Following our previous report on the trafficking of Indian guest workers onto an ‘illegal’ vessel which sank in 2018, Sarawak Report has been notified of another shocking misadventure with common factors that took place just last month.
Details concerning a Kolkata seaman by the name of Rinku show that he too was licensed to work in Sarawak by the same company, Solid Maritime Sdn Bhd, and the same agent, Dudley Luhat Wan, and was assigned in January of this year to work on a cargo ship, the ill fated MV Tung Sung, registered in Marudi.
On July 30th that boat also upturned and sank in waters near Pulau Burung, Sebuyau with eight crew members registered as missing. Five bodies have been retrieved so far and astonishingly the boat has reportedly been re-floated and is back in use.
According to local press reports the missing seamen included three locals from Sibu, four individuals from Myanmar, and one from Indonesia, leaving the fate of the Indian worker who was earlier assigned to the ship undetermined.
It is a remarkable record of catastrophes affecting foreign workers through the same agency, particularly given that the family of the seamen lost in the earlier Zim Yin barge incident have complained their son was first tricked and then coerced into working on the vessel.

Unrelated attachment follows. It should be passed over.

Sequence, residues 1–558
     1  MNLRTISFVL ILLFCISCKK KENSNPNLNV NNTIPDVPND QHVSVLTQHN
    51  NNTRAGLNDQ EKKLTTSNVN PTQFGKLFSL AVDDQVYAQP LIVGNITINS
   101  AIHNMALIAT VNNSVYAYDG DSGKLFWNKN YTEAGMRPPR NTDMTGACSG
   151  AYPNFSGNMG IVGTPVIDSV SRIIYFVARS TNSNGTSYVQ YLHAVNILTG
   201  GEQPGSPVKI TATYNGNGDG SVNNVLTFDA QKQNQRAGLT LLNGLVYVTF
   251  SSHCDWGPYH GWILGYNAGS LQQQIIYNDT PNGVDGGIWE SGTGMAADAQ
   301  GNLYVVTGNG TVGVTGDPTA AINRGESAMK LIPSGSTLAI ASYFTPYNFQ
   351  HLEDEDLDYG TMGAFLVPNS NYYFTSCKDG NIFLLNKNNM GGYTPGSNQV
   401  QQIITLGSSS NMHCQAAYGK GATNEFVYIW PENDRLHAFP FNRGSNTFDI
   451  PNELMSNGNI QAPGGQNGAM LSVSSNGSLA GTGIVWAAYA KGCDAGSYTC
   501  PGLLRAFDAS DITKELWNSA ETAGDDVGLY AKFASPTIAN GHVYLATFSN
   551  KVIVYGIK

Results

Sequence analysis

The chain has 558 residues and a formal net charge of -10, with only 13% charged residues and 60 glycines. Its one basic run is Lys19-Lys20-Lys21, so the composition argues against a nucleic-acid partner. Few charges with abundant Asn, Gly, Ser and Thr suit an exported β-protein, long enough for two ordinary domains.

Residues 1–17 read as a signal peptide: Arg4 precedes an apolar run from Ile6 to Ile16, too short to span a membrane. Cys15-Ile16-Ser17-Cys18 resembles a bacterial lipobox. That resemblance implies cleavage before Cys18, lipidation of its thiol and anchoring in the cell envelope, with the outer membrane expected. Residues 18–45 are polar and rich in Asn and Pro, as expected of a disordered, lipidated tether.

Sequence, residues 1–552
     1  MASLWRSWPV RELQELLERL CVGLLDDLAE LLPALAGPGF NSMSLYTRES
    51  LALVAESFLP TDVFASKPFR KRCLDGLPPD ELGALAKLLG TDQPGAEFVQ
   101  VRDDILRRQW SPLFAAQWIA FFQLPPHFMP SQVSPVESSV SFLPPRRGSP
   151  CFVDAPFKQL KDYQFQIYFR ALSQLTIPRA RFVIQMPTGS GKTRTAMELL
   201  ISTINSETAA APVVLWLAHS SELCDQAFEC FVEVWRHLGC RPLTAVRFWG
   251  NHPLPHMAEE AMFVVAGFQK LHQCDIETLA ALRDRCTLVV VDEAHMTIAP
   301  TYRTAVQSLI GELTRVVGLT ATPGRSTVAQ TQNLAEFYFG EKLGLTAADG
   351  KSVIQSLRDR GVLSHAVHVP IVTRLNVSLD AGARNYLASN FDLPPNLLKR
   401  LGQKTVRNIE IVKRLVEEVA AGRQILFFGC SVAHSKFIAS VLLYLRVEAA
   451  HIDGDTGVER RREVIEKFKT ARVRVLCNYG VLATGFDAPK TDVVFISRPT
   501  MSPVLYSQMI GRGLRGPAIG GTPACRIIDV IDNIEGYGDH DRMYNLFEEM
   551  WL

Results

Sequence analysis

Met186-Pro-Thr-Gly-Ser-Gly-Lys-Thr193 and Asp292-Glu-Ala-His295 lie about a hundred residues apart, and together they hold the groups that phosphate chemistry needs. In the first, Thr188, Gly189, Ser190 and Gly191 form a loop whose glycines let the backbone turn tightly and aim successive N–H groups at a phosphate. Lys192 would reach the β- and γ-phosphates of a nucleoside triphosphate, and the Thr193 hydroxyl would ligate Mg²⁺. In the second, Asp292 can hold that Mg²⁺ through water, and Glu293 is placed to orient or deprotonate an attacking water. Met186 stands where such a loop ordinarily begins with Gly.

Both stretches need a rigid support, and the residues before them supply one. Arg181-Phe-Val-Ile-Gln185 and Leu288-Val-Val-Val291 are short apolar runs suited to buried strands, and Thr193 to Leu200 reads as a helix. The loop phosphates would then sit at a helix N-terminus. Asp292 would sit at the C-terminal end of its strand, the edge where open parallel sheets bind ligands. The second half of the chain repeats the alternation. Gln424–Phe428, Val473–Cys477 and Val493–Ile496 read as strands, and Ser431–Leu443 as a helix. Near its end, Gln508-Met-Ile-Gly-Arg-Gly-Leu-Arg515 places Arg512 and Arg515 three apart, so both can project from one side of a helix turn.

It was announced on 23rd August that a special police operation named Ops Dudley had rounded up an alleged human trafficking syndicate involving Indian nationals and masterminded by a man called Dudley. It was believed only to have been in operation post-Covid.
Sarawak Report suggests that, given the scale of the use of foreign workers in Sarawak is so extensive, this raid could be the tip of an iceberg of abuse.
Earlier scandals have included the discovery of North Korean slaves hired out by their state to work in coal mines connected to the Taib family.
Thousands of Indonesian workers have been reported trapped within oil palm plantations run by major companies where the exit points are guarded by armed security and passports removed. Numerous abuses of such workers have been detailed, including working in the hot sun during Ramadan without access to water all day.